Now, of course, it often does not work like this. Bug hunters want to publish fast and don't want to wait for monthes. Companies want to avoid bad publicity at all cost, and think they can easily scare the little guy. And they don't always want to correct the bugs. They sometimes think that ignorance, even if it endangers their own clients, is better than negative reputation. For example, I am just a hobbyist, published less then twenty software analysis, and I have been already legally threatened twice (once for a steganography software, once for an anti-virus). In one case it went to court. So in my case, I've been threatened 10% of the time.

So what is the analogy with biology ? It's simple. Full disclosure applies a constant selective pressure on software, just like environmental conditions apply a evolutionary pressure on organisms.

Life is a constant battle to survive. You have to adapt fast. If you don't or can't, you become trapped in an evolutionary dead-end, and your species becomes extinct. It's the same for software. Bug hunters are always out there looking for problems in your software, scrutinizing every single piece of published program. They apply a strong and pitiless pressure and, unless your software is perfect, they will force it to evolve. The worse softwares from lousy editors are not going to resist the pressure and will eventually disappear. The good ones are going to survive and get fitter and better, much more secure. And that is good for people who use them, us, the final consumers. Don't forget that there are plenty of predators out there in this internet era, and computers are becoming central in our lives, so it's more and more important to be well protected. Full disclosure is positive for you.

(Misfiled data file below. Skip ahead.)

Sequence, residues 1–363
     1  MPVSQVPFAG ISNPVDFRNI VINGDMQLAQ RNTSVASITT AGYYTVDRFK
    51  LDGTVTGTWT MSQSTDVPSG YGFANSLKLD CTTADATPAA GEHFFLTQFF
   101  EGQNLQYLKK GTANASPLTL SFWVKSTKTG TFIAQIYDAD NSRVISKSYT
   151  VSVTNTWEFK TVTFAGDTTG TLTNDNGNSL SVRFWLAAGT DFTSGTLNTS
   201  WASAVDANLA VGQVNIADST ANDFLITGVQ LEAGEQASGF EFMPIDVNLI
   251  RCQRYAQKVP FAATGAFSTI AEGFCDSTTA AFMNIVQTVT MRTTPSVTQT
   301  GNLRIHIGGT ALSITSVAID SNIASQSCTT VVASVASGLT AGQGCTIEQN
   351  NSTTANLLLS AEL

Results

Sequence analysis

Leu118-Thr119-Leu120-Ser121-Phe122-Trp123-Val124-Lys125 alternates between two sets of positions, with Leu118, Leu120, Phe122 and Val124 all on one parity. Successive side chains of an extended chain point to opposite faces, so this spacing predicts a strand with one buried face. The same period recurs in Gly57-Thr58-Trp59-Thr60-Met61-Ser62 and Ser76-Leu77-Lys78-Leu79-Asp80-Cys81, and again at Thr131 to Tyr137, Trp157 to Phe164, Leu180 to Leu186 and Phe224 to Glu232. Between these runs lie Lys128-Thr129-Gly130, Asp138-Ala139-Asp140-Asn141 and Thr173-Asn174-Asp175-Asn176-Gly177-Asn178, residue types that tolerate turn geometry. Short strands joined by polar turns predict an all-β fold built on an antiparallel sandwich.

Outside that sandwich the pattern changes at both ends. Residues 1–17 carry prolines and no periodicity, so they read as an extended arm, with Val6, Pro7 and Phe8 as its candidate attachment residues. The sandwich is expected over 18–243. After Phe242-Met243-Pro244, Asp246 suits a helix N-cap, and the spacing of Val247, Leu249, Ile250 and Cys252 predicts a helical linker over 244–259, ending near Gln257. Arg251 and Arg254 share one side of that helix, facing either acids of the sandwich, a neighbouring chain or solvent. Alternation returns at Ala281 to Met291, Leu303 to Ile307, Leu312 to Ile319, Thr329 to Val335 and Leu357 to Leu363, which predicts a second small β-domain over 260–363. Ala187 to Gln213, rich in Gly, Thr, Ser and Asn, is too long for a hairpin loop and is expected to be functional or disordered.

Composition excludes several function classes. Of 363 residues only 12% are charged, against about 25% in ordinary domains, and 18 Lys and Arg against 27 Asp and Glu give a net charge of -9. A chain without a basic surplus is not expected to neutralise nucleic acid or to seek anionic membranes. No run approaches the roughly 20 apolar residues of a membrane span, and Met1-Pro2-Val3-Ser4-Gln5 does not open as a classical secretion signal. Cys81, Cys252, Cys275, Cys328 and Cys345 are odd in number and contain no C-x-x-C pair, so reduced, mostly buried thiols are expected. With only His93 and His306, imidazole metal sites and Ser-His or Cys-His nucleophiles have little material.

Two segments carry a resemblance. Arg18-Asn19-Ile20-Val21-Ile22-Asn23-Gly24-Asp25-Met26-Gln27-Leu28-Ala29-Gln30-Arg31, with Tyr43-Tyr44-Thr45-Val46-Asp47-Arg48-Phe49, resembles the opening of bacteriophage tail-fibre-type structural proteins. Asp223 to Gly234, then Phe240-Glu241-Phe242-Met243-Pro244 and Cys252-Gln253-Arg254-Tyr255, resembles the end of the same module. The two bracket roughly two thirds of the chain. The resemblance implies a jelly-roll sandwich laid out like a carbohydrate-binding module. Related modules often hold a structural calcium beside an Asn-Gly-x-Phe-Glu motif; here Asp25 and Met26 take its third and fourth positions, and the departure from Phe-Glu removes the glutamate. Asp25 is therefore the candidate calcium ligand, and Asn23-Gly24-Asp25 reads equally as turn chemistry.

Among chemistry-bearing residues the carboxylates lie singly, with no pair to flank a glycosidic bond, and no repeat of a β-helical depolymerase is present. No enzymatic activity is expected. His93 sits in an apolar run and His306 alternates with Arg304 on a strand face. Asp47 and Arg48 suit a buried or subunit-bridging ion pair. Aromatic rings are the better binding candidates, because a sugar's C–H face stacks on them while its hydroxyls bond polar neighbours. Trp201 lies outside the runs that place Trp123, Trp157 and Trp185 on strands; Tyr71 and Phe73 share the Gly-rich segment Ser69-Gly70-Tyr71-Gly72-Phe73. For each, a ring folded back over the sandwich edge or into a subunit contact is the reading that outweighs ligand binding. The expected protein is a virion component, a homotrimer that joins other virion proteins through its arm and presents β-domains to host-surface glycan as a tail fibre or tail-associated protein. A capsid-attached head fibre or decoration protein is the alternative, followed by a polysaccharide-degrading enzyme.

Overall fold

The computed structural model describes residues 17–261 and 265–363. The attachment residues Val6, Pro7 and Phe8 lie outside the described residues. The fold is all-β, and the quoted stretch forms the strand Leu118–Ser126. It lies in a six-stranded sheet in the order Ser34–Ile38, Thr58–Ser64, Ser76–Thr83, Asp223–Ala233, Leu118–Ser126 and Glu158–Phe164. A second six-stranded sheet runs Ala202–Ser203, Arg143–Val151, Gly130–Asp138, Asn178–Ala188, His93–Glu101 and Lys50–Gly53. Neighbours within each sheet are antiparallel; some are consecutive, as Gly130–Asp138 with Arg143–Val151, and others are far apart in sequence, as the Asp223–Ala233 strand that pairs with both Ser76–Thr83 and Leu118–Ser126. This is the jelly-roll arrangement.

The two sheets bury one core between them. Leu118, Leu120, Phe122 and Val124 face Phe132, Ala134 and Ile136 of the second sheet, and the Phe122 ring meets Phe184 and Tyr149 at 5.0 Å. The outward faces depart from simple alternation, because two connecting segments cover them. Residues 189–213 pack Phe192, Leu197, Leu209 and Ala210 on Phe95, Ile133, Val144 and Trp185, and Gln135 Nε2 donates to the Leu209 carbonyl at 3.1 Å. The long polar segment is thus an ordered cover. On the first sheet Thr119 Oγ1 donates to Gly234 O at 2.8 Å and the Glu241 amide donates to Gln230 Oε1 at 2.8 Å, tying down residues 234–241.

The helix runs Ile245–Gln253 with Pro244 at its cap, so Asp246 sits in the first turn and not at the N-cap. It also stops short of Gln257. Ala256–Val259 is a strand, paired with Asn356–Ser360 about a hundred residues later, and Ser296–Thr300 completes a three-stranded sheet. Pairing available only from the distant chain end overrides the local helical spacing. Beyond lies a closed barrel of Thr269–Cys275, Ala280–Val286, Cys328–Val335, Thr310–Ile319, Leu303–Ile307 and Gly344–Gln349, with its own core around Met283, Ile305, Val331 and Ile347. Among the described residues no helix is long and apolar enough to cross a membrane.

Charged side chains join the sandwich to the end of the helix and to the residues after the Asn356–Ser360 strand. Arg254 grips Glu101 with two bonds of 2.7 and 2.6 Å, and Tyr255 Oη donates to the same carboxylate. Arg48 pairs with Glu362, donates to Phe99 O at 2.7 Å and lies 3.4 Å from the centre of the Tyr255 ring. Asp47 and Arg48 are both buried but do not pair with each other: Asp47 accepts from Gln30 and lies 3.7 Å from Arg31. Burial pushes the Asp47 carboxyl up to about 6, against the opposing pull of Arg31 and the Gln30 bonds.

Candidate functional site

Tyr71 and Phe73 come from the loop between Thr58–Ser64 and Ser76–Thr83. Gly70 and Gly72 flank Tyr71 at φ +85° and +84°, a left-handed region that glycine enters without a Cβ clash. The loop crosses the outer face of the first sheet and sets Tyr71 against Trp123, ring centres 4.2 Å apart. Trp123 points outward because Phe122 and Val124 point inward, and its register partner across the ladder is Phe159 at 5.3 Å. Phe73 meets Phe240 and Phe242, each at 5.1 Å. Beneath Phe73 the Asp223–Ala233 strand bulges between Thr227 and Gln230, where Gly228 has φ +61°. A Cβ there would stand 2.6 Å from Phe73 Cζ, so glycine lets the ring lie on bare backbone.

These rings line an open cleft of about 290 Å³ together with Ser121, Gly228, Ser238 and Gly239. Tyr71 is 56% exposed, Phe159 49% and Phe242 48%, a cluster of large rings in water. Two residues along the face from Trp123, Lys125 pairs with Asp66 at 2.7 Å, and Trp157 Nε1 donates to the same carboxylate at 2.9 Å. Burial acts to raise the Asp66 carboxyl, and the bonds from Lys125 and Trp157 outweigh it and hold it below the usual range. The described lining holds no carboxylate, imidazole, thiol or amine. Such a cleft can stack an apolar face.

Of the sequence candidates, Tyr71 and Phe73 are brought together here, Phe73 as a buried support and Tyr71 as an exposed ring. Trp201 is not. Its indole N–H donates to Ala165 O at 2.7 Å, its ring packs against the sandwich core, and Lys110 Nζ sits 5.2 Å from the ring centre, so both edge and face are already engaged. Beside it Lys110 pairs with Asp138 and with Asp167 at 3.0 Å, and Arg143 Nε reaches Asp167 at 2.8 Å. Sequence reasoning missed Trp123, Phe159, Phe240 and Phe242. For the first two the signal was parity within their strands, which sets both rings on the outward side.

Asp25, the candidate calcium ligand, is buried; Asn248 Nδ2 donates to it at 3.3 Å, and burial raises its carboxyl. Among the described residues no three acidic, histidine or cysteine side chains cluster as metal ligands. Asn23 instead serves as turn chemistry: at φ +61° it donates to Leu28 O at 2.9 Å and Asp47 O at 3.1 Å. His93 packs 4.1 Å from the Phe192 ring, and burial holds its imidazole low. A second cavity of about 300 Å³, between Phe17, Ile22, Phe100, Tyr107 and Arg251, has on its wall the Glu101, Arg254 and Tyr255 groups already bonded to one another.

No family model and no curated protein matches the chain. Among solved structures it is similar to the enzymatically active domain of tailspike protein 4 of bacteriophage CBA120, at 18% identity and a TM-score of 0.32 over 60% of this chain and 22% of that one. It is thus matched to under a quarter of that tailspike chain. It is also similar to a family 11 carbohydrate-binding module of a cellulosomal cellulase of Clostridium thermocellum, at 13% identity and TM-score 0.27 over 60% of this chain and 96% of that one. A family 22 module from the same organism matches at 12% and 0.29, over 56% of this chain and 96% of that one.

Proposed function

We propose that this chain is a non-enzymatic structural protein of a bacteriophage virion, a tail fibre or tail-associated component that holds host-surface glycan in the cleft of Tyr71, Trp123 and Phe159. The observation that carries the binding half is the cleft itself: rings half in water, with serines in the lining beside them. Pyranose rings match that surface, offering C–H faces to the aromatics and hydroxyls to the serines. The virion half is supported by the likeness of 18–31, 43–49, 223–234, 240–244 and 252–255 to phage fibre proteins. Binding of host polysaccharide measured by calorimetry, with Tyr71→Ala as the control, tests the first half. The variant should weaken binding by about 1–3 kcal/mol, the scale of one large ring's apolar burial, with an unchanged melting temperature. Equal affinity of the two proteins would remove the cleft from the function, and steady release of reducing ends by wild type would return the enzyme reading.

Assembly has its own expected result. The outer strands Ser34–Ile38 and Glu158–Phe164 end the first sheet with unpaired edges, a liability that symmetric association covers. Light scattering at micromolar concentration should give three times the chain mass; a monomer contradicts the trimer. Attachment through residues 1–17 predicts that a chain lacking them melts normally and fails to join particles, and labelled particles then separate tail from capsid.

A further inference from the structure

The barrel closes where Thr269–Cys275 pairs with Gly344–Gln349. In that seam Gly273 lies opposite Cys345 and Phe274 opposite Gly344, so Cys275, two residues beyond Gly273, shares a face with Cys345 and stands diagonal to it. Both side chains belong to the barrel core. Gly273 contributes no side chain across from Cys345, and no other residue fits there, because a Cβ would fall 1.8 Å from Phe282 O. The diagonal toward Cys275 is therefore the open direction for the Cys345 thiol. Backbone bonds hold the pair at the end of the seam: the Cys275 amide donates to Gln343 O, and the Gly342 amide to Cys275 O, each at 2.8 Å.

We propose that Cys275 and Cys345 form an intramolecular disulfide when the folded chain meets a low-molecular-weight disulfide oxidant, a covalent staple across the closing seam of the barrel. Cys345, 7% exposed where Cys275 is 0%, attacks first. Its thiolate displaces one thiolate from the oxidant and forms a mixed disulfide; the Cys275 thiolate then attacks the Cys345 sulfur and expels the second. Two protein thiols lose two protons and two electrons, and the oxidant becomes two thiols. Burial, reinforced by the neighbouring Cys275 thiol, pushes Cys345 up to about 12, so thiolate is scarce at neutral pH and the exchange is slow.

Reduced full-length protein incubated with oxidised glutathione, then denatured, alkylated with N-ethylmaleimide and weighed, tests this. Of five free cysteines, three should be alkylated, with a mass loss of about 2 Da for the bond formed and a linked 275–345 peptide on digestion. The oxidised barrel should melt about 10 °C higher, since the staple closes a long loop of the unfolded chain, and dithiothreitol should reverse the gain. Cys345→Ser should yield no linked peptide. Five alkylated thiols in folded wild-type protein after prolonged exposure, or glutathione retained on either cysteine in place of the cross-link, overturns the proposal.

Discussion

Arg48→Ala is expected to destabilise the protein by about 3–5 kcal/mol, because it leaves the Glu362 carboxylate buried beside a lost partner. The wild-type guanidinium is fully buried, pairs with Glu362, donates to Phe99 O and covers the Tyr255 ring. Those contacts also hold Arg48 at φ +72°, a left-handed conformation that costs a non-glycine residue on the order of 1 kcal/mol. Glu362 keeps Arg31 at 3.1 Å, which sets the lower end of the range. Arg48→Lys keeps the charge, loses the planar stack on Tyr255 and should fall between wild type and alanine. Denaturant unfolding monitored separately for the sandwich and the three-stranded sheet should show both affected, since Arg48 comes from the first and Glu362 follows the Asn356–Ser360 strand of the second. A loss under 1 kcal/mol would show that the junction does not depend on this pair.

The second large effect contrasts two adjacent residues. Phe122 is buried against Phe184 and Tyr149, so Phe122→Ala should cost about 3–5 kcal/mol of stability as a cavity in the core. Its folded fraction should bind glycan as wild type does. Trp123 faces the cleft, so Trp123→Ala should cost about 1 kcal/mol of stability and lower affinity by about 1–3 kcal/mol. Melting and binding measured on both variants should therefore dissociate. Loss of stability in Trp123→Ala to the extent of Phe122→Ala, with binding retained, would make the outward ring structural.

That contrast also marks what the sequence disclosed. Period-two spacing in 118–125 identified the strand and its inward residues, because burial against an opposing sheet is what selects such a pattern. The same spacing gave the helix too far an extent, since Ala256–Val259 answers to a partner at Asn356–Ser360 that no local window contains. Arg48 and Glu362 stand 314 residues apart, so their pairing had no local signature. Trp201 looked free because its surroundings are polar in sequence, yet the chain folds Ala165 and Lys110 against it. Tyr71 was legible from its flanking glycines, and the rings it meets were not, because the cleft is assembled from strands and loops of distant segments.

It may sometimes look harsh for editors, but that's good for increasing the global security level. I am not the only one to think that. Look what happened in the cryptography world. When the DES algorithm became really too weak, and the Government of the USA decided it was time to choose a new standard for encryption, that's exactly the strategy they used to get the best one. An accelerated evolutionary slaughter. Any researcher could submit a new algorithm. Then, everybody was asked to find flaws in the other teams algorithms. After a few rounds of selection, only the strongest cyphers stayed in the race, and finally they chose just one which became the new standard called AES.

Open source and science.